I think overall, Los Angelenos are much more relaxed in their appearance compared to what I was used to coming from New York. You are right about that. It was a bit of a shock at first, but there is good and bad style everywhere. The nice thing about our shirts is they can be worn all day in a relaxed manner but also can be dressed up and worn when the suit and tie comes off at the end of the day.

The world seems to become more and more obsessed with urban street wear during times of economic prosperity, and more conservative and classically groomed in times of economic recession and depression. Do you think that progressive street wear is a somewhat a litmus test to the functioning of an economy or do you think, more broadly speaking, we are moving towards a permanent change in our perception of menswear and what constitutes clothing in the 21st Century?

This is a really thoughtful question. Its a bit of both. There is definitely been a recent shift in the perception of menswear, the needle has definitely has swayed to a more relaxed appearance and style. There definitely could be signs of a more conservative look during an economic downturn, but I think this would really only be felt by a white collar workforce.

A friend of mine is closing in on forty and until a few years ago he was becoming increasingly into Rick Owens, Haider Ackermann and other contemporary designers until he was hit over the head by his wife who demanded he dress more like a forty-year-old man. However, I have seen increasingly men in their forties buck the trend and continue wearing urban street style clothing well into their late forties. What is your opinion of age and streetwear and are they at odds with each other or can they be friends?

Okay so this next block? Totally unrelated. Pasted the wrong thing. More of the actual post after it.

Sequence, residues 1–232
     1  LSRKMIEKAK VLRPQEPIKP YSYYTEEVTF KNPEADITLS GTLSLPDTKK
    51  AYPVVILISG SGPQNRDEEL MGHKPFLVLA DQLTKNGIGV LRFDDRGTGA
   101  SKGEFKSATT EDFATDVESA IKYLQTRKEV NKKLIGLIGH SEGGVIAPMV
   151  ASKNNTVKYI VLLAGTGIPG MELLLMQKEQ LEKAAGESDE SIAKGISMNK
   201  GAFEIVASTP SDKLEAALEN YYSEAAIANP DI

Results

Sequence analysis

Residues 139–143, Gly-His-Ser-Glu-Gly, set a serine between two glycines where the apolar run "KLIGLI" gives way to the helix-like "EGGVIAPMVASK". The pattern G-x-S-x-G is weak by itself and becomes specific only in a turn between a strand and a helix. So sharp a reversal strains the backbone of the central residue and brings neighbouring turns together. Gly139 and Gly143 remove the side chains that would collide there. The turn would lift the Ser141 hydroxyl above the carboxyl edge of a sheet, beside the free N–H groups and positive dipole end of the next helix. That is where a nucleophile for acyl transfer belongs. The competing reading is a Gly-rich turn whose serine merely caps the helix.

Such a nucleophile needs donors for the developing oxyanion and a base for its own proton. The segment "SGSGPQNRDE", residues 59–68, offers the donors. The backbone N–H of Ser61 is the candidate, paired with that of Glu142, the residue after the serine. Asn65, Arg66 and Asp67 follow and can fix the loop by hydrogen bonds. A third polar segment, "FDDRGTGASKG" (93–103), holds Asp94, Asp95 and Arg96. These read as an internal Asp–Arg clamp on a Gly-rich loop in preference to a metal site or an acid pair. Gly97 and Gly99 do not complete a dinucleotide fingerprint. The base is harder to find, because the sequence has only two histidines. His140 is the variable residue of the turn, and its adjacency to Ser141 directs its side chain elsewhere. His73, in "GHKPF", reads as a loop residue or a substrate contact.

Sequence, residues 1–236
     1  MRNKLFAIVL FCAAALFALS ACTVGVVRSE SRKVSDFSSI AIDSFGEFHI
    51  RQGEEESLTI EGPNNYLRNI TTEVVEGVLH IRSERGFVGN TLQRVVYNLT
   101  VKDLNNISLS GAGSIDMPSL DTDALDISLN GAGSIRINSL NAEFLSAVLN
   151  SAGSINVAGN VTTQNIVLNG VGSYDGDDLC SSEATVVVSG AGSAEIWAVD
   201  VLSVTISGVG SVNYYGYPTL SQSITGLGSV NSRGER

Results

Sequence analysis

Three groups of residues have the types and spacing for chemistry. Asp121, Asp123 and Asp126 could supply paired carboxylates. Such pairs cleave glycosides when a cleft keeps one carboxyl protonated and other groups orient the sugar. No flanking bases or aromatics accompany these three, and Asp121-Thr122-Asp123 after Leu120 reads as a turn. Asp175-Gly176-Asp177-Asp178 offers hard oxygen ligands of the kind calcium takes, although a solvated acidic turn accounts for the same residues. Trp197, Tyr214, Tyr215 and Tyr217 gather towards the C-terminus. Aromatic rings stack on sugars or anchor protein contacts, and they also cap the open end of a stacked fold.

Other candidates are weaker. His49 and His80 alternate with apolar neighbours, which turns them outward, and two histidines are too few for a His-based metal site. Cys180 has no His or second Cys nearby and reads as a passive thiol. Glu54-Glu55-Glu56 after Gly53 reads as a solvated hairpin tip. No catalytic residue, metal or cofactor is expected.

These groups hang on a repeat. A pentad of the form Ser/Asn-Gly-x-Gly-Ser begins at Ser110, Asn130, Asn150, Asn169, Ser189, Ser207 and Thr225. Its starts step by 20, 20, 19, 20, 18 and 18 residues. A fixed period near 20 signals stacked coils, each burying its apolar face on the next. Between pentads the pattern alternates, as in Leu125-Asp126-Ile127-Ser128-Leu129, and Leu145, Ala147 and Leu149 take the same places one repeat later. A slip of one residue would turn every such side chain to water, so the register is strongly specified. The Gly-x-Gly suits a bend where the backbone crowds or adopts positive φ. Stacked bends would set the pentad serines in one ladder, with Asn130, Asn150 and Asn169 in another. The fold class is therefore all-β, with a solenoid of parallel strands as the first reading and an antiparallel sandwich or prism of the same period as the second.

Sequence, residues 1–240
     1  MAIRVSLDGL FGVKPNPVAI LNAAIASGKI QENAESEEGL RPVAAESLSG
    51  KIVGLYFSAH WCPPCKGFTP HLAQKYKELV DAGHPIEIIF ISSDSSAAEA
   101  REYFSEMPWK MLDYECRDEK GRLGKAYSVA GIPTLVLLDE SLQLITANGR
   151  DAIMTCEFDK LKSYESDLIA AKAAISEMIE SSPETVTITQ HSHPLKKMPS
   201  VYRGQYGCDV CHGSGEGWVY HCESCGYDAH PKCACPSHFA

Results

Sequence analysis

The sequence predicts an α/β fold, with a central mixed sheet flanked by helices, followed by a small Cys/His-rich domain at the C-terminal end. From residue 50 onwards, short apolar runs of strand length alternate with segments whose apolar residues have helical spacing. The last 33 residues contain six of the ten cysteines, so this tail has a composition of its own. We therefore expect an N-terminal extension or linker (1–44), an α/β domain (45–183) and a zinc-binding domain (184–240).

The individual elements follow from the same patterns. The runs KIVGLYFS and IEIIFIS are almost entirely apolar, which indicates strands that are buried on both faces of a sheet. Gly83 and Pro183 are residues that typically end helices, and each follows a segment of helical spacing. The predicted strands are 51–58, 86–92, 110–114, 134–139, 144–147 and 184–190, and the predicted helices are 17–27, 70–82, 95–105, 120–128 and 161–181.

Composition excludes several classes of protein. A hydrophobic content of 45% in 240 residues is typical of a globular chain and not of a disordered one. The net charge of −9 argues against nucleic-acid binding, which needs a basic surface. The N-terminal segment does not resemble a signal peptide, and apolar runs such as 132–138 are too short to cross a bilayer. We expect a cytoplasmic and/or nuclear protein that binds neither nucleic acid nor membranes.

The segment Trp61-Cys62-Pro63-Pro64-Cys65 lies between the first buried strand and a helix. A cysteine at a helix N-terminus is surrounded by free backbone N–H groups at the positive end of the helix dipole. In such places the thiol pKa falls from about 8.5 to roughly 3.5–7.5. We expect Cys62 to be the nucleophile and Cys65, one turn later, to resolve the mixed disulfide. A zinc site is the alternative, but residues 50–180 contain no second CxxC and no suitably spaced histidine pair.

Age is in your attitude! If you like the way you feel in the clothes, that's all that matters. A large section of my customer base is 40+. My clothes are built on quality, both in materials and construction. I think a more experienced customer understands the importance of these qualities in garments, and is willing to spend more to get them.

The world of bespoke is often attributed to shirts, suits and shoes but almost NEVER for jersey in tops, long sleeves, polos etc. Have you ever run a bespoke programme for Mercer Market and would you consider taking on a rhino size like me for your first guinea pig?

We do have a bespoke program available for clients if they choose. we collaborate with the client to create an article of clothing, home accessory or concept that is completely unique to them. I really love this aspect of our business, its a great chance for me to get to know more of our customers on a personal basis, and it so much fun to see what they want to create.

Can you tell us three places/experiences that an Australian visiting Los Angeles might visit which ordinarily he would not know about if he was using a local guide book?

Definitely. If you are sartorial minded, you should definitely check out Maxfields, Just One Eye, and Church Boutique. They are three of my favorite shops in LA and are all each completely unique in to themselves. LA's shopping Meccas. I am huge of fan of LA's museums, so I think everyone should visit and support them. My favorites are LACMA and The Broad. Finally, make sure to stop by Musso and Franks, an LA institution, and have a martini.

Shop Mercer Market by clicking here or follow Sloane Angel on @sloaneangell